• Moult E.M.
• Alibhai A.Y.
• Lee B.
• et al.
A framework for multiscale quantitation of relationships between choriocapillaris flow impairment and geographic atrophy growth.
The atrophy-front model of GA growth is a mathematical description of the margin-mediated growth hypothesis, whereby existing GA regions are hypothesized to expand along their borders of atrophy. The margin-mediated growth mechanism is supported by, or at least consistent with, the clinical observation that regions of new atrophy accumulate predominantly, although not exclusively, along the margins of existing foci. Moreover, the margin-mediated growth mechanism agrees with the finding that area-type GA growth rate is correlated strongly with lesion perimeter,
• Shen L.L.
• Sun M.
• Ahluwalia A.
• et al.
Geographic atrophy growth is strongly related to lesion perimeter: unifying effects of lesion area, number, and circularity on growth.
that is, more margin corresponds to more (area) growth. Although the mechanisms of margin-mediated growth are unknown, death signaling from RPE cells undergoing apoptosis or necroptosis
• Hanus J.
• Anderson C.
• Wang S.
RPE necroptosis in response to oxidative stress and in AMD.
and the necessity of RPE–RPE cell signaling
• Gallagher-Colombo S.
• Maminishkis A.
• Tate S.
• et al.
Modulation of MCT3 expression during wound healing of the retinal pigment epithelium.
have been suggested.
Importantly, it can be shown (Appendix 1) that existing length-type growth rate metrics—namely, the square-root-transformed
• Yehoshua Z.
• Rosenfeld P.J.
• Gregori G.
• et al.
Progression of geographic atrophy in age-related macular degeneration imaged with spectral domain optical coherence tomography.
• Feuer W.J.
• Yehoshua Z.
• Gregori G.
• et al.
Square root transformation of geographic atrophy area measurements to eliminate dependence of growth rates on baseline lesion measurements: a reanalysis of Age-Related Eye Disease Study report no. 26.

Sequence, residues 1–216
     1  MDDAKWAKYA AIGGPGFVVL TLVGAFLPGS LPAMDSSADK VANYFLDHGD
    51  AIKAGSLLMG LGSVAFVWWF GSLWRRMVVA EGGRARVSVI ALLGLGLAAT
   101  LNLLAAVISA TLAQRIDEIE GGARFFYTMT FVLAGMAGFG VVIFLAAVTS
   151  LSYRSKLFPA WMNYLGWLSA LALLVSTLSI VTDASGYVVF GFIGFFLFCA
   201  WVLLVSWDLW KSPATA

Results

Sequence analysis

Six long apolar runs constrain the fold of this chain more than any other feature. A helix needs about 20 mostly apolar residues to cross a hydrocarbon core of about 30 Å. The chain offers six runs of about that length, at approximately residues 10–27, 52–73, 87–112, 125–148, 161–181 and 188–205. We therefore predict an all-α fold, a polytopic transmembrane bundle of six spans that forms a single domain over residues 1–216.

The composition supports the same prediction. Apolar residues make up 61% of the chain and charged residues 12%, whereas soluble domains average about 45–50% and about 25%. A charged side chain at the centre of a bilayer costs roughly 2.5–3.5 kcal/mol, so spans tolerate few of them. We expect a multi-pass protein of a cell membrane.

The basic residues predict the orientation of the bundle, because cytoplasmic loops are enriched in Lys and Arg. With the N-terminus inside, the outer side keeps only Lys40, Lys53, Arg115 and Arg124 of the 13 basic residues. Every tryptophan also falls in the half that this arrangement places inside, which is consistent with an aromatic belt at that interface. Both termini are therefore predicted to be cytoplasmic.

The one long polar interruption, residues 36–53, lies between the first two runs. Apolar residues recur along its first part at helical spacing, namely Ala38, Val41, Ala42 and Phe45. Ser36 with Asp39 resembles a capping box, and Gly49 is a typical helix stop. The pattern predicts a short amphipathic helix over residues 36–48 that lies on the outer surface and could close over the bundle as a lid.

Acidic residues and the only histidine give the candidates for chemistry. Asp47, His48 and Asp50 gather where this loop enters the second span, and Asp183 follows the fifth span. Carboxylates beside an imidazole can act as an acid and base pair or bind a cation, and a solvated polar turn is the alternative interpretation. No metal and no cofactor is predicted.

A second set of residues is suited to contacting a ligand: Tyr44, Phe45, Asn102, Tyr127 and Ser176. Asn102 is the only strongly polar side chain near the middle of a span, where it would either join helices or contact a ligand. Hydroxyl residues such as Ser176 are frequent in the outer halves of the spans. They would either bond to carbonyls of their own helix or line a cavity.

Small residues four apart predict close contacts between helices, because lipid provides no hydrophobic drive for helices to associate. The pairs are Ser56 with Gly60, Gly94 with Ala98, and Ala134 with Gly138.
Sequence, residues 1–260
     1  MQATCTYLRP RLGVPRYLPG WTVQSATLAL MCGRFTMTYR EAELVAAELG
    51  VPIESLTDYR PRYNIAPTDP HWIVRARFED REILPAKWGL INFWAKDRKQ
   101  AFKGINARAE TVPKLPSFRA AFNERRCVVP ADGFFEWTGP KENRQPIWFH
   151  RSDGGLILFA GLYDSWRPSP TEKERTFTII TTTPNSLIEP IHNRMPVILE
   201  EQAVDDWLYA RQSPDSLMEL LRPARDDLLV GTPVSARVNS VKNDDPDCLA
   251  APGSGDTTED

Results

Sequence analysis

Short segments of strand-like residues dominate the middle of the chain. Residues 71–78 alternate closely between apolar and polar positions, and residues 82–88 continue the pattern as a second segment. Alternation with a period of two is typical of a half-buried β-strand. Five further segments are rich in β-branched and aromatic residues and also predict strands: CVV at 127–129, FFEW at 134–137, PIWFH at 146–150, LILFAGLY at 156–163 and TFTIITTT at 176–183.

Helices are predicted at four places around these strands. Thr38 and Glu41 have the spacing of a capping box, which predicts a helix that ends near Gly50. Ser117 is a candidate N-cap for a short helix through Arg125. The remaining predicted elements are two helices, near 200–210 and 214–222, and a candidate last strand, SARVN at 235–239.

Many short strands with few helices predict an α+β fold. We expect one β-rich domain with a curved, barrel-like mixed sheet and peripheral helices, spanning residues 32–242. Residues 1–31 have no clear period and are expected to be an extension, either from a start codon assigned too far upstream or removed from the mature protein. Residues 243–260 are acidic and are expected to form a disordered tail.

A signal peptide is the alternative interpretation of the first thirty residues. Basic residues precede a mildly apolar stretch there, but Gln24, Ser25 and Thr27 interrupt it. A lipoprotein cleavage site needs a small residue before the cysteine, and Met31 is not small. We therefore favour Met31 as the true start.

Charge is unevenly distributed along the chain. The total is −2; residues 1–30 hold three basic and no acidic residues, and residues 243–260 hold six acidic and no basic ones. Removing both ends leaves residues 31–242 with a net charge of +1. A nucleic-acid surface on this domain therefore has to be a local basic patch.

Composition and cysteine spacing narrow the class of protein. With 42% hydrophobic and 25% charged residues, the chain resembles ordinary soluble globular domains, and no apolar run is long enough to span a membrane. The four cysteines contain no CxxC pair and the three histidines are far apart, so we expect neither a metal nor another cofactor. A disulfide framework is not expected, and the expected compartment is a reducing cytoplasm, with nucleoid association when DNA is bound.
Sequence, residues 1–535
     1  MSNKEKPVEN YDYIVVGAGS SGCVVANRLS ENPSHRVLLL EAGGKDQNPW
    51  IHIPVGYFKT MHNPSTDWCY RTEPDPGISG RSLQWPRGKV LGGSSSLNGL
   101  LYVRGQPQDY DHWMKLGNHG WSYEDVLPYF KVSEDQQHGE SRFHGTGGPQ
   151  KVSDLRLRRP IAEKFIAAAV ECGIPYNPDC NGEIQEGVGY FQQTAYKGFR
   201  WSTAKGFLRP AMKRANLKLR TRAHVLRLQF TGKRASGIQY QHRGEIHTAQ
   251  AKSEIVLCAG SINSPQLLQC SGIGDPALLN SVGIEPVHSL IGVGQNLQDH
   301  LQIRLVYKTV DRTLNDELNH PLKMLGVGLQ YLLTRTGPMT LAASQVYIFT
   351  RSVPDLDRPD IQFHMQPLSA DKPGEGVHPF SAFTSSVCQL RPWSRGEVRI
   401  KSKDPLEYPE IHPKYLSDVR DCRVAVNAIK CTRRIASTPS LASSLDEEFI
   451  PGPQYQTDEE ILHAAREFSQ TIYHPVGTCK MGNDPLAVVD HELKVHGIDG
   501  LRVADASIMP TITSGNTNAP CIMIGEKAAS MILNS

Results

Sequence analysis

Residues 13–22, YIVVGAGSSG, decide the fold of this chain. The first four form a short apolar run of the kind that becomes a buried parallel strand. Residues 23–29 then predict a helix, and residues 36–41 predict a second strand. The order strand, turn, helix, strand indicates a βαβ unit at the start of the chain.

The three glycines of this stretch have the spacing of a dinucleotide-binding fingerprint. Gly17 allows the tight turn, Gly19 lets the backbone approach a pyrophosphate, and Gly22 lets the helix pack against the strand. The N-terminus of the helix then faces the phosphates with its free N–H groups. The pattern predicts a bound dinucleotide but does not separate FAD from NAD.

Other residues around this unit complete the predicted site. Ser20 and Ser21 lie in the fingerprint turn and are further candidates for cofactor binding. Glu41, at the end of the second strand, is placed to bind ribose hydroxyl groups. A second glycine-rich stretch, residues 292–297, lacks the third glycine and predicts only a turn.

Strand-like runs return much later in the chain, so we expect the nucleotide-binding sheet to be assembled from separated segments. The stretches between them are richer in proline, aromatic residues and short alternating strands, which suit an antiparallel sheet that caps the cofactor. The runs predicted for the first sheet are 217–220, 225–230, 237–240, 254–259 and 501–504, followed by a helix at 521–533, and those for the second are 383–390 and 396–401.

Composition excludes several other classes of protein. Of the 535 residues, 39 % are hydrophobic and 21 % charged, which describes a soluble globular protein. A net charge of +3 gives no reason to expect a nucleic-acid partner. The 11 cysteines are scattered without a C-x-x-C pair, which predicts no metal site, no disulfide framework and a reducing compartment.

• Shen L.L.
• Sun M.
• Khetpal S.
• et al.
Topographic variation of the growth rate of geographic atrophy in nonexudative age-related macular degeneration: a systematic review and meta-analysis.
• Shen L.L.
• Sun M.
• Ahluwalia A.
• et al.
Geographic atrophy growth is strongly related to lesion perimeter: unifying effects of lesion area, number, and circularity on growth.
metrics—can be derived from the atrophy-front model of GA growth. Specifically, these existing metrics correspond to estimates of the length-type growth rate, Λ, defined as a position-time average of a 2-dimensional (i.e., en face) time-varying growth field, v(x,t) (Appendix 1). The growth field can be understood as a mathematical abstraction that encodes the state of the chorioretinal milieu, that is, the intracellular and extracellular environment of the choroid and retina, which includes RPE and photoreceptor integrity, as well as the choriocapillaris blood flow. Chorioretinal conditions leading to faster growth correspond to higher values of v, and vice versa. In the wildfire analogy of GA growth, the growth field corresponds to the environmental conditions that, through interaction with the fire front, help to determine the fire’s spread.
A benefit of viewing growth rate metrics through the lens of the atrophy-front growth model is the ability to derive relationships between GA geometry, GA growth patterns, and metric accuracy. For example, consider the effective radius metric, $ΛˆER$, defined as
• Shen L.L.